A new category of products is emerging, one for which the technology has only recently become available. It combines the flexibility and time-to-market advantages of programmable logic with predesigned standard embedded- processor cores, on-chip memory and peripherals in the design of complex systems-on-chip (SoC). Integrating peripherals, such as fast SDRAM controllers, UARTs, timers and on-chip dual-port memory, along with high-performance embedded processors and programmable logic, enables designers to implement entire SoC devices with higher system-level performance than discrete components and shorter design cycle times than ASICs. Now designers can take SoC to the next level, integrating commonly used hardware functions on-chip in a hard-macro format for maximum performance and minimal block area, the first step in providing a complete system-on-a-programmable-chip (SoPC) design solution.
Making accessible, easy-to-use intellectual property (IP) soft cores that can be integrated easily within these designs is essential. These predesigned cores can be instantiated and simulated within an SoPC to speed the overall design process by eliminating the need for lengthy internal development or securing of third-party IP. Examples of commonly used soft IP cores include PCI bus interfaces, USB host controllers, 10/100 Ethernet media-access controllers, UARTs, and other DSP or networking communications functions.
In addition to providing the essential IP building blocks for system design, the architecture and bus structures linking these IP blocks with other functions on-chip must be defined in a manner that enables maximum system-level efficiency and performance.
For example, the bus architecture ideally should follow an industry standard to facilitate interfacing to third-party or customer-specific IP blocks. It should support multiple bus masters and slave modules and provide an arbitration scheme that prioritizes access to shared buses and peripheral resources to enable parallel processing or simultaneous execution of different tasks. Shared access to fast on-chip dual-port memory by multiple bus masters is useful in applications where streaming or temporary storage of data to and from external system memory is required.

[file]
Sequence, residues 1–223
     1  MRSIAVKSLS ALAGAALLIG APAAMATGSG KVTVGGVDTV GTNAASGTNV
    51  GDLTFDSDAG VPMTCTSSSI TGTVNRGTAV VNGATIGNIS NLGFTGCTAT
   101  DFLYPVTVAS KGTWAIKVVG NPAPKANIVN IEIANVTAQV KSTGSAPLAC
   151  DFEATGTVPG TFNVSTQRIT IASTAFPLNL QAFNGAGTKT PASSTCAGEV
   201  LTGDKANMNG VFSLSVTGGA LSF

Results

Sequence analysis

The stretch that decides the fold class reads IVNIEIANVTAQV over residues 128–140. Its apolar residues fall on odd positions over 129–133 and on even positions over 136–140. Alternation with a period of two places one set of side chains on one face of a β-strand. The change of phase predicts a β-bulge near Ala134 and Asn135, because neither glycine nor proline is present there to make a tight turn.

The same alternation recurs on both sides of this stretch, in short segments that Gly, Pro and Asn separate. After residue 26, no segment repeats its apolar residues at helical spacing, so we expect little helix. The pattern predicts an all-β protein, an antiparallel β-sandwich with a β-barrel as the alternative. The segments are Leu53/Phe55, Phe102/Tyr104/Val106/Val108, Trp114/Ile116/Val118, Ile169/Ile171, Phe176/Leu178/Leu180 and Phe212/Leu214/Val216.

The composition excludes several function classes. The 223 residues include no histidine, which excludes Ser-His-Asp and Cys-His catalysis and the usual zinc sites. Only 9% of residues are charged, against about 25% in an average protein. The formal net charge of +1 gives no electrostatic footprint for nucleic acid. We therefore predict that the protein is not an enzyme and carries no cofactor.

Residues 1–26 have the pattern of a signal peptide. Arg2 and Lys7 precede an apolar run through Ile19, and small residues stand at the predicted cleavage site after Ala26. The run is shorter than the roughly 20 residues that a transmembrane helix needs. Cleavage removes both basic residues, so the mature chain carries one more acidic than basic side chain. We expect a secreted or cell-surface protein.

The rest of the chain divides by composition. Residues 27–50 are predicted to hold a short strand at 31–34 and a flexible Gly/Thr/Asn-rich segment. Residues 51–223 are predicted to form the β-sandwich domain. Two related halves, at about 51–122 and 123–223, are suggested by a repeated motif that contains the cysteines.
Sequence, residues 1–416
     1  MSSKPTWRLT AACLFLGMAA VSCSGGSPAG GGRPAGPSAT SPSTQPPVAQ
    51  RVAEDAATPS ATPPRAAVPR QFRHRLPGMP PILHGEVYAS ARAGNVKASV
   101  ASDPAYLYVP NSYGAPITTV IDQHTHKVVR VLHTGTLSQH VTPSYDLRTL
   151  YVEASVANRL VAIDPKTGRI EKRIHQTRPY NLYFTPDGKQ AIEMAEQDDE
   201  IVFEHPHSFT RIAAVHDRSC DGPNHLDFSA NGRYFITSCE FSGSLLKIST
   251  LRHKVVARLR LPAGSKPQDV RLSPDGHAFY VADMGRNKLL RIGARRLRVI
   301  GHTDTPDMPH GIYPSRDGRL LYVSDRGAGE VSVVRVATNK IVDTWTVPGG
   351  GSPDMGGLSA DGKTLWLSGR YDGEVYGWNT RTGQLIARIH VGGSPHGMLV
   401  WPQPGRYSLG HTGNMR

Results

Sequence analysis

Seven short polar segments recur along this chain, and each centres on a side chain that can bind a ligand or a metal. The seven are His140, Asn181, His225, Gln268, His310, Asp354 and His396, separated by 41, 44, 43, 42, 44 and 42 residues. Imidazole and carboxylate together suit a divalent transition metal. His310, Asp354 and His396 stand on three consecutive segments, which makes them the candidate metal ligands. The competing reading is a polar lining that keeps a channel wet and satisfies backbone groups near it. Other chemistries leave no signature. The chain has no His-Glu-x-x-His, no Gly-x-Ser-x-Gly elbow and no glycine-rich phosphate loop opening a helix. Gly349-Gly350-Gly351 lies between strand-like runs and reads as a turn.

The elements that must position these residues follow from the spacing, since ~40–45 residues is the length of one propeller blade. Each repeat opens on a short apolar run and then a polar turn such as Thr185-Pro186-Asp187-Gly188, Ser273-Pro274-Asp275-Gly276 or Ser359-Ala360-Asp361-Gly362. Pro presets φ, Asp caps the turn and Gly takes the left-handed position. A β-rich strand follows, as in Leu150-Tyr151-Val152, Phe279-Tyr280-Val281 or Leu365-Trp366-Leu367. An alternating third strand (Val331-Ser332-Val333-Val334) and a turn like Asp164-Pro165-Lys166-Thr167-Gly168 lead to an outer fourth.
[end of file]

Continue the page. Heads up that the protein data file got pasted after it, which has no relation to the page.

The bus architecture should also support split transactions. This permits CPU read requests to slow peripherals such as flash memory to occur, but permits other bus masters access to a shared bus to perform other functions and not have to wait in serial fashion for the read operation to conclude.
The SoPC architecture should also support multiple clock domains across different functional blocks with bridge interface-synchronization logic linking these blocks within the device. This is helpful in situations where, for example, the on-chip embedded processor is operating at a different clock frequency than an SDRAM controller or bus masters implemented in programmable logic. This permits the various functional blocks to operate at their own maximum speeds and not be constrained by lower operating frequencies of other functions on-chip.
An example of where an SoPC with an integrated embedded CPU can enable better system-level performance than equivalent discrete processors is in the case of standard MIPS ISA-based processors and system controller chip sets. These devices are commonly used in multifunction printers or as I/O processors in high-end networking switch applications.
The bandwidth of the MIPS SysAD bus, a multiplexed address and data bus with an upper limit of 133 MHz, constrains current MIPS processors. Any time the processor experiences a cache miss and must go to external system memory to fetch the data, it must pass through the SysAD bus.
System-controller chip sets available from companies like Galileo Technology or V3 Semiconductor typically support the MIPS SysAD bus interfaces and offer SDRAM controller and PCI bus support as well. However, many of these system controller chip sets support maximum SysAD bus speeds of only 125 MHz or have SDRAM controller support only up to 133 MHz.